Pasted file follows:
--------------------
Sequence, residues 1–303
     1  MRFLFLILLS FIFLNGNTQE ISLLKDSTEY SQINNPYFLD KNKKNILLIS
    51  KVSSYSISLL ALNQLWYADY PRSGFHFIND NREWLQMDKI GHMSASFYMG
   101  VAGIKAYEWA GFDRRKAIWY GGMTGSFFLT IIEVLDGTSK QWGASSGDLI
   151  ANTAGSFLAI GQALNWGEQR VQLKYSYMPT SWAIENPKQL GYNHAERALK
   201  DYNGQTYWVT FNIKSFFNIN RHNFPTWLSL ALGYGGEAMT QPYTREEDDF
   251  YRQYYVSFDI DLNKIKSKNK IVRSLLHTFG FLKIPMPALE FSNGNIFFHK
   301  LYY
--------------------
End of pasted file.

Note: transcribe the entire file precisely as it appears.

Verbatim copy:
Sequence, residues 1–303
     1  MRFLFLILLS FIFLNGNTQE ISLLKDSTEY SQINNPYFLD KNKKNILLIS
    51  KVSSYSISLL ALNQLWYADY PRSGFHFIND NREWLQMDKI GHMSASFYMG
   101  VAGIKAYEWA GFDRRKAIWY GGMTGSFFLT IIEVLDGTSK QWGASSGDLI
   151  ANTAGSFLAI GQALNWGEQR VQLKYSYMPT SWAIENPKQL GYNHAERALK
   201  DYNGQTYWVT FNIKSFFNIN RHNFPTWLSL ALGYGGEAMT QPYTREEDDF
   251  YRQYYVSFDI DLNKIKSKNK IVRSLLHTFG FLKIPMPALE FSNGNIFFHK
   301  LYY